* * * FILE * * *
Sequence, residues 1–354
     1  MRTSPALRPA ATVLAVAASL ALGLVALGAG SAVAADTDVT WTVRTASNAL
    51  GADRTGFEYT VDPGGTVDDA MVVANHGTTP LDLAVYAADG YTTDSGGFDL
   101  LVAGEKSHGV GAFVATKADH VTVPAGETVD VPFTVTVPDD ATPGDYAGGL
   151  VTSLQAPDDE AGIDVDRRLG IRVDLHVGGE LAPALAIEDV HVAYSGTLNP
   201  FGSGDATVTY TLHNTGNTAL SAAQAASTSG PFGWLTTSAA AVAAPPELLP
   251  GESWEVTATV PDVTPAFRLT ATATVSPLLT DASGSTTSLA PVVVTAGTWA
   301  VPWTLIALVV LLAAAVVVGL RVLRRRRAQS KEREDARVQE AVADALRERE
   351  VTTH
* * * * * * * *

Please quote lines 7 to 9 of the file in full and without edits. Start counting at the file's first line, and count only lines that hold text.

   251  GESWEVTATV PDVTPAFRLT ATATVSPLLT DASGSTTSLA PVVVTAGTWA
   301  VPWTLIALVV LLAAAVVVGL RVLRRRRAQS KEREDARVQE AVADALRERE
   351  VTTH